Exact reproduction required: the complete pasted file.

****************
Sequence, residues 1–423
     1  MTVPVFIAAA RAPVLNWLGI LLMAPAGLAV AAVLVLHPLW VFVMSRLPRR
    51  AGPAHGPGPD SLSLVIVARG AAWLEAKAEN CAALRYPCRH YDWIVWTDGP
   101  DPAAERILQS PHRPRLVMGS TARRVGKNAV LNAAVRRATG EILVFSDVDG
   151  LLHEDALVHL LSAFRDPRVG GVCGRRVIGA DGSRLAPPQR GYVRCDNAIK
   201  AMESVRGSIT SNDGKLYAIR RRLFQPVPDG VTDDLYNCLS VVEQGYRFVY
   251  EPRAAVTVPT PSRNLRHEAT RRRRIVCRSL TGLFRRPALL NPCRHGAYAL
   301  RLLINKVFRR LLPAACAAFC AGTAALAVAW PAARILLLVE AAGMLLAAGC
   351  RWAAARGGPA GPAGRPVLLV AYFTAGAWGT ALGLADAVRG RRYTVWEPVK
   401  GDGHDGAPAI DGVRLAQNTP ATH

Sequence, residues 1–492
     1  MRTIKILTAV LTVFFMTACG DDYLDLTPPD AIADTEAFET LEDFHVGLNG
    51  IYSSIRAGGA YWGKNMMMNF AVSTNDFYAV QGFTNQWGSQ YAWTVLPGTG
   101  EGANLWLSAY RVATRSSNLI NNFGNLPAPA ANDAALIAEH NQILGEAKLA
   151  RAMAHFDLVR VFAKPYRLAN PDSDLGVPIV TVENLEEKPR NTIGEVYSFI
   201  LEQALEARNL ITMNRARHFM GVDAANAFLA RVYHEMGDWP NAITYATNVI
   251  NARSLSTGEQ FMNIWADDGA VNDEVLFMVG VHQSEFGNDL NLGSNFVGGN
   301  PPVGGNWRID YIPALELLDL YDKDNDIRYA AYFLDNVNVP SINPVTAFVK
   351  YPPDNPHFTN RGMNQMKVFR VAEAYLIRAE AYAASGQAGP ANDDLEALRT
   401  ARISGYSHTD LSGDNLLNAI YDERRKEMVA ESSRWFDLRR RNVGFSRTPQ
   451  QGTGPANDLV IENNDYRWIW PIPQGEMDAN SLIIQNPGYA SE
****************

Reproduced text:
Sequence, residues 1–423
     1  MTVPVFIAAA RAPVLNWLGI LLMAPAGLAV AAVLVLHPLW VFVMSRLPRR
    51  AGPAHGPGPD SLSLVIVARG AAWLEAKAEN CAALRYPCRH YDWIVWTDGP
   101  DPAAERILQS PHRPRLVMGS TARRVGKNAV LNAAVRRATG EILVFSDVDG
   151  LLHEDALVHL LSAFRDPRVG GVCGRRVIGA DGSRLAPPQR GYVRCDNAIK
   201  AMESVRGSIT SNDGKLYAIR RRLFQPVPDG VTDDLYNCLS VVEQGYRFVY
   251  EPRAAVTVPT PSRNLRHEAT RRRRIVCRSL TGLFRRPALL NPCRHGAYAL
   301  RLLINKVFRR LLPAACAAFC AGTAALAVAW PAARILLLVE AAGMLLAAGC
   351  RWAAARGGPA GPAGRPVLLV AYFTAGAWGT ALGLADAVRG RRYTVWEPVK
   401  GDGHDGAPAI DGVRLAQNTP ATH

Sequence, residues 1–492
     1  MRTIKILTAV LTVFFMTACG DDYLDLTPPD AIADTEAFET LEDFHVGLNG
    51  IYSSIRAGGA YWGKNMMMNF AVSTNDFYAV QGFTNQWGSQ YAWTVLPGTG
   101  EGANLWLSAY RVATRSSNLI NNFGNLPAPA ANDAALIAEH NQILGEAKLA
   151  RAMAHFDLVR VFAKPYRLAN PDSDLGVPIV TVENLEEKPR NTIGEVYSFI
   201  LEQALEARNL ITMNRARHFM GVDAANAFLA RVYHEMGDWP NAITYATNVI
   251  NARSLSTGEQ FMNIWADDGA VNDEVLFMVG VHQSEFGNDL NLGSNFVGGN
   301  PPVGGNWRID YIPALELLDL YDKDNDIRYA AYFLDNVNVP SINPVTAFVK
   351  YPPDNPHFTN RGMNQMKVFR VAEAYLIRAE AYAASGQAGP ANDDLEALRT
   401  ARISGYSHTD LSGDNLLNAI YDERRKEMVA ESSRWFDLRR RNVGFSRTPQ
   451  QGTGPANDLV IENNDYRWIW PIPQGEMDAN SLIIQNPGYA SE